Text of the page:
For many years, one of the top items on my bucket list was to travel the Kentucky Bourbon Trail. Don’t ask me why as I was never a bourbon drinker. I preferred Tennessee whiskey; Gentleman Jack proudly produced by Jack Daniel’s in Lynchburg. But this year, my dream became a reality and I was exposed to some beautiful sipping whiskey and broadened by understanding of Bourbon.
I started the Bourbon Trail in Lexington, in the heart of bluegrass horse country and ended in historic Louisville, but you can easily follow the trail in reverse. The Bourbon Trail was created in 1999 as a promotion by the Kentucky Distillers’ Association (unrelated to the American Whiskey Trail) to promote the industry. Originally composed of seven distilleries, an eighth (Tom Moore/Buffalo Trace) was added in 2009 but left the following year. Today, with several new additions (Craft Tour of seven artisan distilleries was added in 2012), the tour is composed of:
Angel’s Envy, Bulleit (Stitzel-Weller Distillery), Evan Williams, Four Roses, Jim Bean, Lexington Brewing & Distilling, Heaven Hill, Wild Turkey, & Woodford Reserve.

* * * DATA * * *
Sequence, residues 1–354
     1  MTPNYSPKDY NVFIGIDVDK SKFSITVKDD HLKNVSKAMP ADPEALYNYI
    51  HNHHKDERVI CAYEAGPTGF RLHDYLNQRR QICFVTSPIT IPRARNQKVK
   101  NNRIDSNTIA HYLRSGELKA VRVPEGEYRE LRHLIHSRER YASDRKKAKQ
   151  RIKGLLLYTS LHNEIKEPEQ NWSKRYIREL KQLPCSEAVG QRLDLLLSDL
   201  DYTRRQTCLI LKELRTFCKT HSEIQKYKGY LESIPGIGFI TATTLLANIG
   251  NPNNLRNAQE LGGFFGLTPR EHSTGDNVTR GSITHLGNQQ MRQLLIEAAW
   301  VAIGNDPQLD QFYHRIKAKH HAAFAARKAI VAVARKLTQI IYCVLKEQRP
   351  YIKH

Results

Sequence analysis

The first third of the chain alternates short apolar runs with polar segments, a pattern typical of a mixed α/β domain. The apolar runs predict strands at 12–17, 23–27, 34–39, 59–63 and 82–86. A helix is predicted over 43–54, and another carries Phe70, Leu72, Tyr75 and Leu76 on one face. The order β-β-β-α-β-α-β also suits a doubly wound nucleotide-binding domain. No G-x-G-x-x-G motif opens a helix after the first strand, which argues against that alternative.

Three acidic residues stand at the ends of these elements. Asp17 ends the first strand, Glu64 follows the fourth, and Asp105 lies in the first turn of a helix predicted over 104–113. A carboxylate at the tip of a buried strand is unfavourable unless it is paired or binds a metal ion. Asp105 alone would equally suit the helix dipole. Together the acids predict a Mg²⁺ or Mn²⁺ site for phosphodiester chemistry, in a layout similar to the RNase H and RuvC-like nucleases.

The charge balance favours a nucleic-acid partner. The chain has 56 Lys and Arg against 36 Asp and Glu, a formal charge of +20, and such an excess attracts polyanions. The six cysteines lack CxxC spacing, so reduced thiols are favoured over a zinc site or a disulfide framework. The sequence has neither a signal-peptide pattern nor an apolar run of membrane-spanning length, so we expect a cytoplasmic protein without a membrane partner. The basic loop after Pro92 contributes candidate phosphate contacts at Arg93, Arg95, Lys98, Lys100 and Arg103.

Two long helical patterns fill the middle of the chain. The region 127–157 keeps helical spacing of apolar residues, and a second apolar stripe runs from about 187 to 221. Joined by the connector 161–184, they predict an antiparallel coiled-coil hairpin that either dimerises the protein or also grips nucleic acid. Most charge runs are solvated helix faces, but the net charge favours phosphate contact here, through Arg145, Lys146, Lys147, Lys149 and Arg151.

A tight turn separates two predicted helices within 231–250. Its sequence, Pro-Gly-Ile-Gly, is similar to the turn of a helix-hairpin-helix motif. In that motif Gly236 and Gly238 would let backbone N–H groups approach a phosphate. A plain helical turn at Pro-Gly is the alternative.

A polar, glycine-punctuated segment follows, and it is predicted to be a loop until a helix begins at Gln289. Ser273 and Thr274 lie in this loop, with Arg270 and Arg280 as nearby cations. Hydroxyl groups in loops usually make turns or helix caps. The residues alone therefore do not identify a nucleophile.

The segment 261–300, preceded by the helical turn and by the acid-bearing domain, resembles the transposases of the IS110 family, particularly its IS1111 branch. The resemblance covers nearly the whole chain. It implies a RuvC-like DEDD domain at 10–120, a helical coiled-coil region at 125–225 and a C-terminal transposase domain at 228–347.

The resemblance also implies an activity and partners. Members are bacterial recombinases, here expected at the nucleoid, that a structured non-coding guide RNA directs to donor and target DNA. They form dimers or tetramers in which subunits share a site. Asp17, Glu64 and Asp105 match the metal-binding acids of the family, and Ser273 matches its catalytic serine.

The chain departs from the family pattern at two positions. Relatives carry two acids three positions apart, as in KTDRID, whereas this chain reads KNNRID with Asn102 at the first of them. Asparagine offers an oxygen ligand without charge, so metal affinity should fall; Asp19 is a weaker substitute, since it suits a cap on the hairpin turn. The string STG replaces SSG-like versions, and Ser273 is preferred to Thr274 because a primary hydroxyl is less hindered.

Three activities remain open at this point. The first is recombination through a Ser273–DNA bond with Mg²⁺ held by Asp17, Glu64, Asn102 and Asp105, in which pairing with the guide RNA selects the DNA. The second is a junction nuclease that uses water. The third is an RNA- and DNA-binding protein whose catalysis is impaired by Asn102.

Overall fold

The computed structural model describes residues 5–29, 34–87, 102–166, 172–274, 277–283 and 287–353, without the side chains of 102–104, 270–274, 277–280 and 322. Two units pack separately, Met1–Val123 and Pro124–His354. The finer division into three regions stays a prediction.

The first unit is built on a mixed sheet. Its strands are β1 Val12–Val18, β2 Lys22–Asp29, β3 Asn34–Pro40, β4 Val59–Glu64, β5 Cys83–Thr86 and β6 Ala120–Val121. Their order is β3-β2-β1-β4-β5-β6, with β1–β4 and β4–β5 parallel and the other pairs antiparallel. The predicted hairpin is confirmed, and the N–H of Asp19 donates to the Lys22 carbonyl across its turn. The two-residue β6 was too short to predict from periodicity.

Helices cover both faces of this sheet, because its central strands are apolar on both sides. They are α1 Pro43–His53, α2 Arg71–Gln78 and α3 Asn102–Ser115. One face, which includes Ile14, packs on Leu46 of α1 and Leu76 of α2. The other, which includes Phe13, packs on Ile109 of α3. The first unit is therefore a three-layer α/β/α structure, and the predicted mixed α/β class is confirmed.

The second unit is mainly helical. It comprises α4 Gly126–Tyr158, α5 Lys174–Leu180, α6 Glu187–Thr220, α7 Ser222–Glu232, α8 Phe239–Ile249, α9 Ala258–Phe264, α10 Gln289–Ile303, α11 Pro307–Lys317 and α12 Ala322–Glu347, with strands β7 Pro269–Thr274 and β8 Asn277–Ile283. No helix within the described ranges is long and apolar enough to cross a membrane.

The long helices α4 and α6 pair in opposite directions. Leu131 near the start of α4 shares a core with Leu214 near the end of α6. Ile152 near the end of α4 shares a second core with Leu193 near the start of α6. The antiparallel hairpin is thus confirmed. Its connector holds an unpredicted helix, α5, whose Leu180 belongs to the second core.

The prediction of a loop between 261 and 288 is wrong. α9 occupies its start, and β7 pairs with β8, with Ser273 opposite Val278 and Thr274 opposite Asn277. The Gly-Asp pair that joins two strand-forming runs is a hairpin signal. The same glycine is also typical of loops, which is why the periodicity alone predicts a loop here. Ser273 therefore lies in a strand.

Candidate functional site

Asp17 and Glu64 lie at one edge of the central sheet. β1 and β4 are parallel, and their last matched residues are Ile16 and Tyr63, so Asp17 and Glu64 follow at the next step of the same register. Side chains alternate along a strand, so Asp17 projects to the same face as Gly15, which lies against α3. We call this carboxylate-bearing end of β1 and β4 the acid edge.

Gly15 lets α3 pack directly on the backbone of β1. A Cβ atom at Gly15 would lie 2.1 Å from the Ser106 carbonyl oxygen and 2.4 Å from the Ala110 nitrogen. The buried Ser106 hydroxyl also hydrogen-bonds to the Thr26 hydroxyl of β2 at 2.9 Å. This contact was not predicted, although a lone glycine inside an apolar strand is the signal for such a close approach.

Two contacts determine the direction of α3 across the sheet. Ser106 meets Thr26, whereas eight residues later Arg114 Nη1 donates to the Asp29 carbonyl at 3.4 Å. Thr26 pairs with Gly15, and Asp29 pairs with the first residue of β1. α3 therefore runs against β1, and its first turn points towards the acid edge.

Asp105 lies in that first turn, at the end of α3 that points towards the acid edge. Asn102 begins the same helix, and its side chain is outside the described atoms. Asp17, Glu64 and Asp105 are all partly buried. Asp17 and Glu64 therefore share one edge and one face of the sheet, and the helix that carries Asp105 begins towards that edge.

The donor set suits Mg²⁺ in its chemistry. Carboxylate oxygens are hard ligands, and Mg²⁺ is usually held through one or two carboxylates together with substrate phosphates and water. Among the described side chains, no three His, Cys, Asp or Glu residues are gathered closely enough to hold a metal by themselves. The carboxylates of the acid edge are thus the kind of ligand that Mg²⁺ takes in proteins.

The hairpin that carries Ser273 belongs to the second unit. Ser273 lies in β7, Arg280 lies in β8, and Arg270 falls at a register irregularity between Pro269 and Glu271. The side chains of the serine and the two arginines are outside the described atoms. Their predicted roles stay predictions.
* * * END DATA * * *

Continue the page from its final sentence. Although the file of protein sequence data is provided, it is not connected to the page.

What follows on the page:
Bourbon is an American whiskey that by law must be…
- Distilled from at least 51% corn (most bourbon is distilled from 70+% corn, with malted barley, rye, or wheat added to the mash).
- Produced in the United States
- Aged in new charred oak barrels (at least two years for straight bourbon).
- Distilled up to 80% alcohol
- Sold at least 80 proof 40% alcohol by volume.
The origin of the name Bourbon is uncertain; it may be from the original Bourbon County in Kentucky where it was first produced or from Bourbon Street in New Orleans where it was shipped and consumed as a less expensive alternative to French cognac. As the whiskey grew in popularity it became Bourbon whiskey.
In 1964, Congress officially recognized Bourbon declaring “America’s Official Native Spirit.” Today, the Kentucky Bourbon industry generates over $125 million in tax revenue annually and has drawn 2.5 million visitors in the last 5 years. The distilleries invest in environmental, philanthropic, and alcohol responsibility to ensure it’s sustainability.
Stay tuned as we explore each of the Bourbon Distilleries.
- By Charles Radlauer, Wine & Spirits Editor; WineMatters@aol.com